EXAMPLE 4 was repeated but the 0.2% hydroxyethylcellulose nonionic colloid was replaced with 0.5% gelatin. Again the oil wet the filter as the gelatin failed to block the anionic wetter dodecylbenzenesulphonic acid.
The filter of EXAMPLE 1 was used to filter a 0.2% solution of the anionic hydrophilic colloid, sodium polystyrenesulphonate of molecular weight above 40,000 when it formed a gel-limited coating under moderate stirring. The solution filtered at 40 L/M2 h which was unchanged on the addition of 0.05% of the anionic detergent sodium dodecylbenzenesulphonate. However, the permeate then contained only traces of the anionic detergent, the rejection through-out the filtration being 97%. The mixture did not lead to oil penetration of the filter over 20 hours although rapid penetration occurred when the sodium polystyrenesulphonate was omitted.
EXAMPLE 6 was repeated but with the filter modified to contain 0.5% by weight of the group --CH(OH)SO3 Na. The now anionic filter itself rejected between 30% and 80% of the anionic sodium dodecylbenzenesulphonate detergent depending on concentration, pH, salt concentration and temperature. When 0.2% of the anionic hydrophilic colloid sodium polystyrenesulphonate was also used to form an anionic gel on top of the anionic filter, the rejection of detergent was over 99% at an initial concentration of 0.05%. The under-lying filter did not wet with oil in 24 hours when used continuously. The permeate contained only 5 parts per million of detergent although the initial concentration was 500 parts per million.
An oil emulsion in which the aqueous phase contained 200 ppm of nonionic detergent, octylphenyldecaethyleneglycolether, plus 500 ppm of anionic detergent, sodium dodecylbenzenesulphonate readily wet the filter of EXAMPLE 1. However, the filter was not wet with oil when 0.2% of the nonionic colloid hydroxyethylcellulose and 0.2% of the anionic colloid sodium polystyrenesulphonate were added.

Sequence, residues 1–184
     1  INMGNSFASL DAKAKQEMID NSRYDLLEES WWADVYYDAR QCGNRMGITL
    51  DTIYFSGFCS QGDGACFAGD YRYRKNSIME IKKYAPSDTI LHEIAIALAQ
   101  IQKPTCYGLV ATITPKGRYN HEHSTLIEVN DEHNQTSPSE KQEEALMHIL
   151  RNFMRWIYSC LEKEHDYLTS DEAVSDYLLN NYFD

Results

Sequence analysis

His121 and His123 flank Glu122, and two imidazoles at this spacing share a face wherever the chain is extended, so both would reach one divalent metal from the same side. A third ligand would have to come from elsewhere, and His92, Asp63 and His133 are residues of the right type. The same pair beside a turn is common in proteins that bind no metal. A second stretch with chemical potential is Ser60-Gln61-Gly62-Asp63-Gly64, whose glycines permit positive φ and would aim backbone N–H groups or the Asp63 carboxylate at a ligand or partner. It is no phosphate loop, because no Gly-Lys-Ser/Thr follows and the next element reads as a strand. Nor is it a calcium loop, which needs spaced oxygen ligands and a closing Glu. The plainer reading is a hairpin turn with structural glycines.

EXAMPLE 6 was repeated but the 0.2% sodium polystyrenesulphonate of high molecular weight was replaced by the rather permeable anionic colloid, heparin, of molecular weight 14,000 to 20,000. It was found that the filter adsorbed much of the heparin and the resulting filter gave 43% to 55% rejection of the sodium dodecylbenzenesulphonate. However when the anionic filter of EXAMPLE 7 was used the heparin was not adsorbed strongly. The result was that the joint use of an anionic filter and a too-low molecular weight anionic colloid, heparin, gave zero rejection although, as shown earlier, each individually had given reasonable rejection. Thus, only high molecular weight gel-limiting hydrophilic colloids should be used. Oil wetting of the filters matched exactly poor rejection of the anionic detergent in the individual and joint use of the anionic filter and anionic colloid.
The above examples indicate the nature of the invention and are not to be taken as limiting the scope of the invention.
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|U.S. Classification||210/639, 210/652, 210/651|
|International Classification||B01D69/12, B01D69/00, B01D69/02, B01D17/00, B01D17/04, B01D17/05, B01D67/00, B01D61/14|
|Cooperative Classification||B01D67/0088, B01D63/00, B01D61/18, B01D61/145, B01D69/12, B01D17/047|
|European Classification||B01D61/18, B01D63/00, B01D61/14D, B01D17/04J, B01D69/12, B01D67/00R14|
|Dec 30, 1986||AS||Assignment|
Owner name: MEMTEC LIMITED, 60 MACQUARIE STREET, PARRAMATTA, N
Free format text: ASSIGNMENT OF ASSIGNORS INTEREST.;ASSIGNOR:FORD, DOUGLAS L.;REEL/FRAME:004648/0422
Effective date: 19850702
Owner name: MEMTEC LIMITED,AUSTRALIA
Free format text: ASSIGNMENT OF ASSIGNORS INTEREST;ASSIGNOR:FORD, DOUGLAS L.;REEL/FRAME:004648/0422
Effective date: 19850702
|Sep 28, 1990||FPAY||Fee payment|
Year of fee payment: 4
|Sep 19, 1994||FPAY||Fee payment|
Year of fee payment: 8
|Oct 27, 1998||REMI||Maintenance fee reminder mailed|
|Apr 4, 1999||LAPS||Lapse for failure to pay maintenance fees|
|Jun 15, 1999||FP||Expired due to failure to pay maintenance fee|
Effective date: 19990407